Then, finally, then there’s one last thing to consider: how long do we observe all the above prohibitions, and when should we do it?  While all of the above is really up to you in how seriously (or not) you want to engage in your own personalized kind of fasting, this is where it can get really customized.  This is where you should really focus on what your traditions or religions say, because those are the guiding principles here along with whatever your priests or mentors or gurus or godparents might prescribe or recommend, but there are some guiding rules that I like to follow for my own practices and traditions.  Some examples of fasting durations include (again, not a definitive or exhaustive list):

  • One day every week on a day set aside for the worship, veneration, or devotion of a particular spirit or deity
  • The day of the New Moon (technically, the day of the first sighting of the Moon rather than the day of syzygy between the Moon and the Sun)
  • The three days before, the day of, and the day after the Full Moon
  • Three, four, seven, or sixteen days leading up to any feast or regular celebration
  • Three days leading up to any minor ritual, whether for yourself or another
  • Seven days leading up to any major ritual, whether for yourself or another
  • Three, four, seven, sixteen, or more days after any major initiation, according to that tradition’s rules
  • The two days before and of religious communion or communal worship
  • The forty days of Lent (for Christians)
  • The thirty(ish) days of Ramaḍān (for Muslims)
  • The nineteen days of the Nineteen Day Fast (for Bahá’í)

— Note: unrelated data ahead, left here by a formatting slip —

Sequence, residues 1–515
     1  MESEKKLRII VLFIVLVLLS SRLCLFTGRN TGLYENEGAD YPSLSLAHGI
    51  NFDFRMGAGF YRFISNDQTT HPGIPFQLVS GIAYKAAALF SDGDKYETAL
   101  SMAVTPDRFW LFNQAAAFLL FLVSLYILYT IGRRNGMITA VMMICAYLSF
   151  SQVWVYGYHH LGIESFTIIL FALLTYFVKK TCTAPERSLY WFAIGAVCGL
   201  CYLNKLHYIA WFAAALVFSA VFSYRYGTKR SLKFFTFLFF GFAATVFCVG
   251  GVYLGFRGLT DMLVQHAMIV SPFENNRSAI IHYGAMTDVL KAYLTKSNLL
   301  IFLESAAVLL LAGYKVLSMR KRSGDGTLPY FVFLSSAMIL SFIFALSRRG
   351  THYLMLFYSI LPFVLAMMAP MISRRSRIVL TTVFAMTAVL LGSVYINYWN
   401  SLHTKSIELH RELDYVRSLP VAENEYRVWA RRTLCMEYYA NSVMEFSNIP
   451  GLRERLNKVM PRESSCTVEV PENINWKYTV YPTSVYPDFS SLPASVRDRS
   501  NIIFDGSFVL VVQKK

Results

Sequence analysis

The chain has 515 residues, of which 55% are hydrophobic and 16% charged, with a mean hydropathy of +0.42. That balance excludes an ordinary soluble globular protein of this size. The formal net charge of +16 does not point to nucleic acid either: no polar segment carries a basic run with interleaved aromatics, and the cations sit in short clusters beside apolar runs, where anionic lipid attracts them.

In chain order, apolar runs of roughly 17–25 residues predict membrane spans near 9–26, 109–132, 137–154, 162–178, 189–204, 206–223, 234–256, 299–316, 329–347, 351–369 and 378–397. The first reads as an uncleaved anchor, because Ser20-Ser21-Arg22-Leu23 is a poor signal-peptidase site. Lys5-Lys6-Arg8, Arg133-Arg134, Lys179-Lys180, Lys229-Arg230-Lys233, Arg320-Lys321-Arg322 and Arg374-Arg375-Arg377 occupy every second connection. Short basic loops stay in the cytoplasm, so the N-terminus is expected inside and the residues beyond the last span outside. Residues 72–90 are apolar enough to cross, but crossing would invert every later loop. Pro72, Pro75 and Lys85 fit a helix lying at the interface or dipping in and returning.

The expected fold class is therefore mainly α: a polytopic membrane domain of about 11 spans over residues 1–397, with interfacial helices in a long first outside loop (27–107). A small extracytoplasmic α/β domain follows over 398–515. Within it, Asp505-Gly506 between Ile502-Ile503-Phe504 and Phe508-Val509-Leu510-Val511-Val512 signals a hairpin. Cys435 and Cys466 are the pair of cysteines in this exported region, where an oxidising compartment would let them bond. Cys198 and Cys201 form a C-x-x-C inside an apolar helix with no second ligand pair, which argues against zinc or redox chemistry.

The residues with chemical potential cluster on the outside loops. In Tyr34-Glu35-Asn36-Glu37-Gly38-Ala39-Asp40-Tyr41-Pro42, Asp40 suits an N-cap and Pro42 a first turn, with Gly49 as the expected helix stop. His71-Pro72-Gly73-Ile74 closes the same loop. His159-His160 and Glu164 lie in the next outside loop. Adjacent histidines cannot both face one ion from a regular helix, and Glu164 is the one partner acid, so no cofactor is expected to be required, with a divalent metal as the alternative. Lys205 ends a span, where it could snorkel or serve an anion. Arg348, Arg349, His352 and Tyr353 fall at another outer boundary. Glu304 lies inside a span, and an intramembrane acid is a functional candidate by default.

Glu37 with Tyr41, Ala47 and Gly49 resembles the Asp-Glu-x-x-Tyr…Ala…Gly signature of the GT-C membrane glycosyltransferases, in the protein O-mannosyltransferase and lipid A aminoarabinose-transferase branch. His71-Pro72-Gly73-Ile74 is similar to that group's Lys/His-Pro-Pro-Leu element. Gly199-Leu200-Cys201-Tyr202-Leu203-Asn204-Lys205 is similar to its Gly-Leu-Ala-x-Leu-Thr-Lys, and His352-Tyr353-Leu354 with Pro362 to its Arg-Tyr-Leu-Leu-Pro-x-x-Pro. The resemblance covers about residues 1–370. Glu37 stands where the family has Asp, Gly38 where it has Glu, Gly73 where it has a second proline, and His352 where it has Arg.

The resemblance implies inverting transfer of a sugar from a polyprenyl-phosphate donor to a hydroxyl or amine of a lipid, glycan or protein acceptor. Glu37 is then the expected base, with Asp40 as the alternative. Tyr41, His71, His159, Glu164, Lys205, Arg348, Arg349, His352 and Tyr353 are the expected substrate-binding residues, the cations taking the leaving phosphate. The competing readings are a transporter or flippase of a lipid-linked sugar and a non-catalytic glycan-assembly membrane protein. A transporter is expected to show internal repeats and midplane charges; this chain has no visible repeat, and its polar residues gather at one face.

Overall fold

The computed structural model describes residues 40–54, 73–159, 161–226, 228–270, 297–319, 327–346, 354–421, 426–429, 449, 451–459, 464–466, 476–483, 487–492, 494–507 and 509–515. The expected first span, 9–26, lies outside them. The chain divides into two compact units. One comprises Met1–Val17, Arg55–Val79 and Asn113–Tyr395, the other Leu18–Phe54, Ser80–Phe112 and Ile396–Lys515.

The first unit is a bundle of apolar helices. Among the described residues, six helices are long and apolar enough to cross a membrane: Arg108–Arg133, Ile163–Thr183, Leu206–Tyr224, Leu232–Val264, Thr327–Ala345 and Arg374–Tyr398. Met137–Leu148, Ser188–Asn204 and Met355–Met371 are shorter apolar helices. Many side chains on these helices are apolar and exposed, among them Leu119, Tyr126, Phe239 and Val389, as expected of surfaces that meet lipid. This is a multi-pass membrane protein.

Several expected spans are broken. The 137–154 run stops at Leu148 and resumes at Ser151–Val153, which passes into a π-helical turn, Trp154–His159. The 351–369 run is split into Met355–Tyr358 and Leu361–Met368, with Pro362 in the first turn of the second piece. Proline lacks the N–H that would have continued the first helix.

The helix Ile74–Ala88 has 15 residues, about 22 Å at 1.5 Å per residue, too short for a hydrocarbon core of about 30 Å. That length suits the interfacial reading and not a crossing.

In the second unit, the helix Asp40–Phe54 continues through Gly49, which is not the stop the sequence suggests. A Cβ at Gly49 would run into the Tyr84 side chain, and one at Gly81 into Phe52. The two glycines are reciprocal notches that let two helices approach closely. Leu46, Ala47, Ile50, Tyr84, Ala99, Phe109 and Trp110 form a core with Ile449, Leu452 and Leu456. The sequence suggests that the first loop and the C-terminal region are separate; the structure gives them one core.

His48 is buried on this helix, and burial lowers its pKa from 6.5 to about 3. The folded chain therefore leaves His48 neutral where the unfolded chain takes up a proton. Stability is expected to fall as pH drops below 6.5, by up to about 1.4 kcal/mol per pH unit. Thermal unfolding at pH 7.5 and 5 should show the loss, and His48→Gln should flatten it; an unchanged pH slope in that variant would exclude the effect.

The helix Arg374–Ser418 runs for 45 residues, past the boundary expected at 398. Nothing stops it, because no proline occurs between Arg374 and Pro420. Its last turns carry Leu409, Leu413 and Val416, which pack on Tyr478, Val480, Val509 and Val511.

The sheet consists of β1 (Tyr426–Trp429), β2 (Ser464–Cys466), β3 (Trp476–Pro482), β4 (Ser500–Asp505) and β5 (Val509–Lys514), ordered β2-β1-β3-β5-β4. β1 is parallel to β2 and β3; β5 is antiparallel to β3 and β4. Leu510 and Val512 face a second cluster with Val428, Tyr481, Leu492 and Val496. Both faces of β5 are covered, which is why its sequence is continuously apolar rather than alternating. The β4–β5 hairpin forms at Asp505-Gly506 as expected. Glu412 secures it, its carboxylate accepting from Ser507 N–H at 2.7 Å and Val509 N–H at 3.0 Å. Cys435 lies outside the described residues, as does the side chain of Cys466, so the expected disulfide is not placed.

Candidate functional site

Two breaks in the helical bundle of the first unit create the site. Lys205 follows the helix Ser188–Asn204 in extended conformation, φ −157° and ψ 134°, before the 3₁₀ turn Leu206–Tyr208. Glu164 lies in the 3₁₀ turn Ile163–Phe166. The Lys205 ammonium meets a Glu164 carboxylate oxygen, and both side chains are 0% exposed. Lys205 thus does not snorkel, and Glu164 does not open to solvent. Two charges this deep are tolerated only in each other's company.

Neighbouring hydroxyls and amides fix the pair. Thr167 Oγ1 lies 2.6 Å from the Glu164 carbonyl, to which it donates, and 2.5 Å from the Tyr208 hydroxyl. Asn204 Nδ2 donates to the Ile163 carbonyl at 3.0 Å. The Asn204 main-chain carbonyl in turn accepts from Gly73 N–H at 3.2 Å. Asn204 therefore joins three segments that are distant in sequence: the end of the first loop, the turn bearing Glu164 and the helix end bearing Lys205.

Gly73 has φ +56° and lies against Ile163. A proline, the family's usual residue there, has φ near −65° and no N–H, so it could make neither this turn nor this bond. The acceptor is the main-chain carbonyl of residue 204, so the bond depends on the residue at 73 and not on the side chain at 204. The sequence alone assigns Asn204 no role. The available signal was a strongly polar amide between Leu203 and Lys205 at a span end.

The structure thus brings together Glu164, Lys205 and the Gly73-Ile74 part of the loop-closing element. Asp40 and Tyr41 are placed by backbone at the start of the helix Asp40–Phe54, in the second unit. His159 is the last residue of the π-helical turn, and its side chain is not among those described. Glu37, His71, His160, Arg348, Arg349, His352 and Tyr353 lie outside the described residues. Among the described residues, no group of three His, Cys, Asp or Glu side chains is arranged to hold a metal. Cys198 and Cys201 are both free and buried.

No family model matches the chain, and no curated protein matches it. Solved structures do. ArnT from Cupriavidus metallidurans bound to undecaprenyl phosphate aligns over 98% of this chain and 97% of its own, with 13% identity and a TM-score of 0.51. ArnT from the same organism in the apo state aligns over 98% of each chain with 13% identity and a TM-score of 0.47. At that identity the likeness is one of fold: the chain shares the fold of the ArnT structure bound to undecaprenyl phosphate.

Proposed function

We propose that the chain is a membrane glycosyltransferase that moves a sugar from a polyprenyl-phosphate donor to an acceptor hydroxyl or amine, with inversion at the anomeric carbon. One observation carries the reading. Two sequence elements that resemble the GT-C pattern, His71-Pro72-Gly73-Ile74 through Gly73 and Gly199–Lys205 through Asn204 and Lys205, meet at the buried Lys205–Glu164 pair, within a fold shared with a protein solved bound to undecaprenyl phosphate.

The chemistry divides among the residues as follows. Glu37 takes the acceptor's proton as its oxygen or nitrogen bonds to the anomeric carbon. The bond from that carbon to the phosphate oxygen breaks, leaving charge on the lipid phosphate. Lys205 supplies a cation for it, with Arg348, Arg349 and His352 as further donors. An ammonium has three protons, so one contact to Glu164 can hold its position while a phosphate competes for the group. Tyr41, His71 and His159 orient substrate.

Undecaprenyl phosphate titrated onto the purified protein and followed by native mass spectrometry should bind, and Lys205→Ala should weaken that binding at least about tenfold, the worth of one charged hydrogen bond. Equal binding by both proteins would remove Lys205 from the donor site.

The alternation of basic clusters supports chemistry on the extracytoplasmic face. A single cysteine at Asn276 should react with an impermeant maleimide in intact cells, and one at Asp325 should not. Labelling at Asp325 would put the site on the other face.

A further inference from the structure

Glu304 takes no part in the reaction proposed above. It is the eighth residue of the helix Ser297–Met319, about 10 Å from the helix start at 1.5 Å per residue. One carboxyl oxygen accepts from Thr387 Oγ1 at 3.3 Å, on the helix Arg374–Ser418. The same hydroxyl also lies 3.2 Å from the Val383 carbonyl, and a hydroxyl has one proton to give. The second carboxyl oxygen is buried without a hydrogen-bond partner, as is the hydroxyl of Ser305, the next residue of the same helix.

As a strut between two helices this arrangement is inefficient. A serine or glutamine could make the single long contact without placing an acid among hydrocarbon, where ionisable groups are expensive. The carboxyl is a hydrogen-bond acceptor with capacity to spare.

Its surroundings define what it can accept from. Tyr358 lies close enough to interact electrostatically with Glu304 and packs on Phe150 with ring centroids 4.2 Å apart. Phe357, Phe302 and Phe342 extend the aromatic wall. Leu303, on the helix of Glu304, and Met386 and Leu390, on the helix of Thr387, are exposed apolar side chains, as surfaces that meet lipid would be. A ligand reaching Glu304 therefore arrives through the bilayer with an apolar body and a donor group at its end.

• The forty-nine days after the death of a close family member
  • Throughout spiritual retreats or prolonged holy festivals or gatherings
  • The three or more days after one has committed a particularly bad spiritual offense
  • Once a week on a particular weekday for a set number of weeks (e.g. every Sunday from sunrise to sunset for six weeks straight)
  • Whenever vows or rules are adopted in devotion to a spirit or as part of a pact or payment

When fasting for a prolonged period of time more than a single day, there’s also the notion of progressive fasting, where as time goes by, you bring on more and more prohibitions.  For instance, in one of the posts from 2012 I mentioned, there’s the four-day progressive fast from the Scribbler (whose blog is no longer active) where, for example, on the first day I would abstain from meat, alcohol, and soda; on the second, all the above plus abstinence from breads and noodles as well as all non-clear liquid drinks; on the third day, all the above plus abstinence from anything that wasn’t fresh fruits and water; on the fourth and final day, all the above plus abstinence from anything that wasn’t just water, i.e. a water fast.  Progressive fasts can be useful for those who need time for their body to adjust to heavier and heavier kinds of fasting, especially if a particular substance is one we habitually eat and which we might rely on as a staple, and which can be a way for the body to acclimate for more severe or austere fasting practices so that they won’t cause a total shock to the body which could result in medical harm.